WASHINGTON — Triple-A rated Maryland Friday will begin selling $489.8 million of general obligation bonds, including Build America Bonds and other school-related bonds created by the stimulus act.

Pricing for retail will run from today through Tuesday for $200 million of Series A tax-exempt bonds. The state will competitively sell $289.8 million of taxable and tax-exempt bonds on Wednesday.

The negotiated Series A bonds are expected to mature in three to eight years. The $165 million of competitive tax-exempt Series B bonds are scheduled to mature between 2013 and 2021, but the maturities are subject to change based on the sale of the negotiated bonds.

The $75 million of Series C direct-pay BABs will mature between 2022 and 2025 because the state’s constitution limits the maturities of bonds to 15 years.

Patti Konrad, the state’s director of debt management, acknowledged that Maryland’s constitutional limit curbs the potential savings the state might achieve if it could issue BABs with a longer maturity. Issuers typically have sold BABs with long-term maturities to capitalize on the savings provided by the 35% federal subsidy.

“We recognize that perhaps there is savings beyond 15 years” for BABs, Konrad said, but there is “no flexibility” on the maturity cap. The rating agencies look favorably on the state’s quick amortization, she added.

Moody’s Investors Service said in a ratings report that the 15-year maturity cap “quickly replenishes the state’s debt capacity” and offsets the high debt level, which is above the 50-state median.

The state is also rated triple-A by Standard & Poor’s and Fitch Ratings.

Proceeds from the BABs and tax-exempt bonds will be deposited in the state’s facilities loan fund and will be used for a variety of projects.

This deal also will include the allocation of qualified school construction bonds that Maryland received for the year. The state expects to issue $45.2 million of direct-pay qualified school construction bonds for nine schools. The QSCBs will mature in 2025.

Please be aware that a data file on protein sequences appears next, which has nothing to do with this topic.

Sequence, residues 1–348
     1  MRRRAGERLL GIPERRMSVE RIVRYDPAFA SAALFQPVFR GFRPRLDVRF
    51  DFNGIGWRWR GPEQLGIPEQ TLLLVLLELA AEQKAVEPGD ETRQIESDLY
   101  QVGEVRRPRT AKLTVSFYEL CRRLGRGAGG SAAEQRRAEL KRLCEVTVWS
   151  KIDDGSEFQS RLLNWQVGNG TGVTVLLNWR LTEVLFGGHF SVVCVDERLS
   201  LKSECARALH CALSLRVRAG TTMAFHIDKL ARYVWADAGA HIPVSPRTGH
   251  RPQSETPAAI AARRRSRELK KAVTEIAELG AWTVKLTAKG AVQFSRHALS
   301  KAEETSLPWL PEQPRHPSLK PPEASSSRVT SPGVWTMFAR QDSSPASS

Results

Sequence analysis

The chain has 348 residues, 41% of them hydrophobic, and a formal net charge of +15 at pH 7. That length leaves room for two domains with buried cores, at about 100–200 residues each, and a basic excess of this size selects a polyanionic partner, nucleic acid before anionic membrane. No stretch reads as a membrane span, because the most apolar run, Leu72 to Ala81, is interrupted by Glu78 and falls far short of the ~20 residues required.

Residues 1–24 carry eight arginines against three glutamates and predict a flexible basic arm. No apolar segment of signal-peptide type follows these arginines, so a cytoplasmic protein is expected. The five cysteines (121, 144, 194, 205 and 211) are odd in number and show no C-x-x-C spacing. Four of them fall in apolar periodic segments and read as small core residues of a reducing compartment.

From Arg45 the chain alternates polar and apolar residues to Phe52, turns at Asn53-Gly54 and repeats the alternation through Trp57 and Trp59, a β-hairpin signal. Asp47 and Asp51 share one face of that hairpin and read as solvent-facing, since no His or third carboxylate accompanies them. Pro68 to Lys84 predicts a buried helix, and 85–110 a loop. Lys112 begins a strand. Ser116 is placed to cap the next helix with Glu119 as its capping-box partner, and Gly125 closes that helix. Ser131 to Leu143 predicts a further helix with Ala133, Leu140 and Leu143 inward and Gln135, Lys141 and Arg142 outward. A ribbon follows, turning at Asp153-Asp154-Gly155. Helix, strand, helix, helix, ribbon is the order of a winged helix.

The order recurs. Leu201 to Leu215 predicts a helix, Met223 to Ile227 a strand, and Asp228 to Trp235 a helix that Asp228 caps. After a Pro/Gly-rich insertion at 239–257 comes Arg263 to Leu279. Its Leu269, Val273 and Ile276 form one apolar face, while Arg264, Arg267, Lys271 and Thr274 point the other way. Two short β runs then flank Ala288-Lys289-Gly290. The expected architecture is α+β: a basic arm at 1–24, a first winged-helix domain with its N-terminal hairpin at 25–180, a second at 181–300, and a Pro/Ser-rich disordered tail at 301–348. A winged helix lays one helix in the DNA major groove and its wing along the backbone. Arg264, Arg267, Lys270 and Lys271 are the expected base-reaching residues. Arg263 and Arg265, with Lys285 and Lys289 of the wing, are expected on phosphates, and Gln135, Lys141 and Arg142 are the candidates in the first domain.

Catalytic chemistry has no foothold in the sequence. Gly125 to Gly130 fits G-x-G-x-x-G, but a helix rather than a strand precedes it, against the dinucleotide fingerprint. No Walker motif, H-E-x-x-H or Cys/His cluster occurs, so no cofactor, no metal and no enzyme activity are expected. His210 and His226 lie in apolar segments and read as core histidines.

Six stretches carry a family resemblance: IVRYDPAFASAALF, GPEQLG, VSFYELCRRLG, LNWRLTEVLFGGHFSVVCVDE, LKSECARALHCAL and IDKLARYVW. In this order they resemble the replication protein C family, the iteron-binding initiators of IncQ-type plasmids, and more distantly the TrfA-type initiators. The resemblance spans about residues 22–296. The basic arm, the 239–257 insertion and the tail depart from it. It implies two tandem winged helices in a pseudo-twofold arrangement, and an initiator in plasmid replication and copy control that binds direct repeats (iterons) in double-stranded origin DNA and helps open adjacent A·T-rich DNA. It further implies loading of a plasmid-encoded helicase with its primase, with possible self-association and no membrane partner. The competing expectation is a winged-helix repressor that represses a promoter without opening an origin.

Maryland will also be issuing $4.5 million of direct-pay qualified zone academy bonds. It has elected to receive subsidy payments from the federal government rather than having the bonds provide tax credit to investors. The state is taking applications from 24 education providers for the proceeds of the QZABs, which also will mature in 2025.

Citi and M&T Securities Inc. are the lead underwriters for the negotiated Series A tax-exempt bonds with Bank of America Merrill Lynch, RBC Capital Markets, Siebert Brandford Shank & Co. Barclays Capital, Goldman, Sachs & Co., JPMorgan, Loop Capital Markets LLC and Morgan Keegan & Co. serving as co-underwriters.

Ballard Spahr LLP is the bond counsel and Miles & Stockbridge PC is advising the underwriters.

Maryland closed a $2 billion budget gap for its fiscal 2011, which started July 1. Rating agencies expressed concern that the state may face greater budget hurdles in the years to come as federal stimulus funds disappear.

The state cut $1 billion in spending to local governments and higher education. It also transferred more than $800 million to its general fund from other state funds, according to Moody’s.

Additionally, Maryland has tapped reserves to balance the budget. The state’s reserve stabilization account has declined to 5% of revenues for fiscal 2011. In fiscal 2007, the state had reserves of 11% of revenues, Moody’s said.

The state also has been relying on $389 million of enhanced matching federal funds under the Federal Medicaid Assistance Percentages program. But Congress failed to extend the program to June 30, 2011, as many states expected. Maryland can transfer about $200 million to the general fund to cover any loss in FMAP funding, according to Maria Coritsidis, the lead analyst for Moody’s covering the state.

Maryland’s retirement system funding has also raised concerns among rating agencies. The state had funded about 65% of its liabilities as of June 30, 2009, down from 78.6% the year earlier, according to Moody’s. Compared with the other triple-A states, Maryland pension funding “is on the lower end,” Coritsidis said.

This year, the General Assembly failed to pass legislation that would have passed its pension obligations for teachers to local governments. The state, however, established a pension sustainability commission, and an initial report is due before the end of the year.

“We’re looking to see how the state attempts to address the issue,” Coritsidis said.

Despite the concerns, Maryland enjoys a strong economy that has benefited from government jobs located in and around Washington, D.C. The state’s June unemployment rate was 7.1% compared to the national average of 9.5%. Maryland’s per capita personal income ranks fourth among states, according to Fitch.

Subscribe Now

Independent and authoritative analysis and perspective for the bond buying industry.

14-Day Free Trial

No credit card required. Complete access to articles, breaking news and industry data.